The Energy Overseer 

The Guilty Environmentalist's Home Inefficiency Audit

Amory Lovins would shudder with disgust.

I'm shuddering, too-more from the cold than anything else. Although there is the guilt. Not just the guilt of living in an energy-inefficient home. This is something far worse.

Ralph Cavanagh would treat me as a leper and never return my phone calls if he knew the truth. I'm living in an energy-dysfunctional house and it's all my own fault.

Ever since that disastrous fire during the early hours of a late-November day, this house has been a tragedy. From an efficiency standpoint, it's been a travesty after the thermal shell was pierced by a firefighter's axe.

I used to worry about warm air leaking through the fireplace flue. Now I listen to plastic tarps wildly flapping in the rain and wonder: what kind of R-factor does half-inch plywood over an open hole rate? We've got nine of them in three rooms.

I used to fantasize about living in a self-sustainable efficiency showcase home. Now I'm dreaming of windows for Christmas, just like the ones I used to know.

Maybe I could use some weather stripping. This duct tape doesn't seem to do the job very well. Neither do these electric space heaters. The big ones the contractor brought in to dry the water-damaged wood floors were pretty powerful, but I got paranoid about using them when they started melting the heavy-duty extension cords we bought at ACE Hardware. These other heaters just lie along the floors like plug-in frogs, creaking, croaking, and smelling, eating electrons and belching.

As an environmentalist, I hate to admit this: global warming is starting to sound appealing. The most effective heating device in the house is the oven. At least I can throw potatoes in to assuage my guilt. Would you like a baked potato? They make great foot warmers.

For a while the house seemed decorated by a joint venture of Count Dracula and Cristo. The burnt-out former offices were a uniform shade of charcoal; everything in the kitchen was covered with smoke, canvas and plastic. Now the kitchen is soot-free and repainted and the front rooms are sprayed with sealer and primer to lock in the smell. It looks and feels like a fantasy ice palace.

For sanity's sake and aesthetic reasons, we try to segregate a few heated rooms from the gaping black hole. Interior doors were either removed or warped by fire. Nothing stays closed tightly or for long, as the dog insists on open access to conduct her constant security rounds.

Her barking at every sound-unfiltered by windowpanes or drywall-only calls neighborhood attention to our pitiful ecology.

The front of the house looks like an EPA Superfund site. When I found out the asbestos shingling installed decades ago will require a special permit to remove, I cringed at the added assault to the environment wrought by this blaze.

The huge debris box, overflowing and soaked by rain, was insult enough. It soon became a collection point for other local rubbish, used tires, spent paint cans, plastic jugs of car oil. My secret is that there's still more toxic waste inside the house, waiting for a second box.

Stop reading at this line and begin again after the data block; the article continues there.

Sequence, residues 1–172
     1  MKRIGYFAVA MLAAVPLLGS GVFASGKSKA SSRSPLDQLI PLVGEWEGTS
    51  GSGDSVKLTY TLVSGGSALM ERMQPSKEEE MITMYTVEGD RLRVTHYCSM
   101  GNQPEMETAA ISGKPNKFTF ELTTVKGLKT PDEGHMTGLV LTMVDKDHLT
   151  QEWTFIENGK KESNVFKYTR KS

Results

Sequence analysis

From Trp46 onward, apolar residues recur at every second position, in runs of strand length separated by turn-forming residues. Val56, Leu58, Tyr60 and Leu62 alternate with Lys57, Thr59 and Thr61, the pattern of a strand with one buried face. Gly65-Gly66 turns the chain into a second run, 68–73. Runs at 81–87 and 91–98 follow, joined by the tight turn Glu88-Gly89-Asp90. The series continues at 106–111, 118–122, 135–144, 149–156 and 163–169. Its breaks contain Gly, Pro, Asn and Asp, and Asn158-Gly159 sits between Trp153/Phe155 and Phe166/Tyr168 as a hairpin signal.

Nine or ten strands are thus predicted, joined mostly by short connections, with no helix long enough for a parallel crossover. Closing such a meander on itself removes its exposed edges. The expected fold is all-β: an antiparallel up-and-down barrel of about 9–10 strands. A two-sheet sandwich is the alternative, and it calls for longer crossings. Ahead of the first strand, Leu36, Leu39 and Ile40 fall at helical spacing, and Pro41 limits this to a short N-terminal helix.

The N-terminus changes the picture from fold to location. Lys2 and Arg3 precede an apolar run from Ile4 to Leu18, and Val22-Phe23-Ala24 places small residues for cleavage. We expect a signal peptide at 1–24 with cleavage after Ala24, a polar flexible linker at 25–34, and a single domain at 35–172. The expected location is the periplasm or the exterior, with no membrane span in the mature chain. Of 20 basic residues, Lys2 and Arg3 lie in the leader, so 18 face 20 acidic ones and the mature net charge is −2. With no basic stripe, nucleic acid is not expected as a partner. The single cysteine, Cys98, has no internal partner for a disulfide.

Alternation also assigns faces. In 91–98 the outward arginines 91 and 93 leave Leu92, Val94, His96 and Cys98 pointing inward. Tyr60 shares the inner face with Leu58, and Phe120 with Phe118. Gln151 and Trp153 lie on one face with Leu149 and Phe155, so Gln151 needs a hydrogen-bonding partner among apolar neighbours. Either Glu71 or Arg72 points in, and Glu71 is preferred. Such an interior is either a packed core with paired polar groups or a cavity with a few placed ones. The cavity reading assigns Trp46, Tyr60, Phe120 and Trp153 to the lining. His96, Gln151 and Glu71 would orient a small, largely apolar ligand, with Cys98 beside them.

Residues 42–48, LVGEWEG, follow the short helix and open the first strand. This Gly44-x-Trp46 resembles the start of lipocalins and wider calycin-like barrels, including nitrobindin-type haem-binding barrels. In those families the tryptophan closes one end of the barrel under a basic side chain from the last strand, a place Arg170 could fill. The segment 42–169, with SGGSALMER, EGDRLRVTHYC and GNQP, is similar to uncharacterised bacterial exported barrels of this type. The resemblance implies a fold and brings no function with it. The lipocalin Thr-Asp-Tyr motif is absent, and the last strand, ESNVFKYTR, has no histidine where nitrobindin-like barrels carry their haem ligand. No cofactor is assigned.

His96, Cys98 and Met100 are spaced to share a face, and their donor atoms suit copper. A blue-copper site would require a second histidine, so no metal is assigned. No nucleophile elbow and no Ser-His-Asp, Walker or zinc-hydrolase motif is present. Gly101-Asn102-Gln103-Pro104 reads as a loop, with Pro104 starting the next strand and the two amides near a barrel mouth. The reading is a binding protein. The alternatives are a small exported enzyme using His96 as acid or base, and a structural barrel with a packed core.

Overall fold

I carry the stigma of ecological disaster.

The black soot of guilt returns to my hands with everything I touch. Out, out, damned smudge, I curse while scrubbing with Simple Green cleanser. Then I can find nothing less than filthy to wipe my hands with, and the cycle begins anew.

We are wasting energy in ways that PG&E never imagined. Perhaps there's a book idea lurking under this mess. 50 Simple Things You Can Do to Ruin the Earth. Number One, let your house catch on fire; the rest follows.

There are no boards covering the bedroom windows. Nor is there glass, just brown paper and opaque tarp that breathes like a plastic lung, inhaling cold, exhaling warm air into the night. The clothes washer/dryer runs baseload. Some articles require multiple cycles, hot water, and super detergent to remove the soot. Simple Green is not enough.

And then there's the utility bill. PG&E came today. I was hoping the meter reader wouldn't be able to get through the barricaded garage door and we'd get a month's reprieve.

No such luck. $99.59-ouch! Natural gas consumption wasn't so bad. Of course, the main was shut for days. But we ate 636 kilowatt-hours of electricity-most of them at the highest billed rate.

How can that be? Most of the appliances got melted; many of the circuits are fried. The only working light in the kitchen is a compact fluorescent. There's got to be something wrong with my meter.

The utility's computer noticed the big increase in consumption. A note on the bill suggests we might qualify for industrial rates.

I know the truth. I'm being punished for my sins.

My mother didn't exactly say that on the telephone today, but she hinted. Just what I need, a mother's guilt trip added to my environmental impact remorse (EIR).

The insurance company may not be able to pin down the cause of the fire, but I know why it happened. It wasn't the old, dry floorboards, as the insurance inspector surmised.

Nor was it the cat knocking papers onto the heater grate, as the fire captain suggested.It was my own fault, and I must confess to the world.

I did it. I left the thermostat on above 55 degrees when I went to bed. Amory, Ralph, can you forgive me?

Copyright 2009 Energy Overseer Copyright 1993 Energy NewsData



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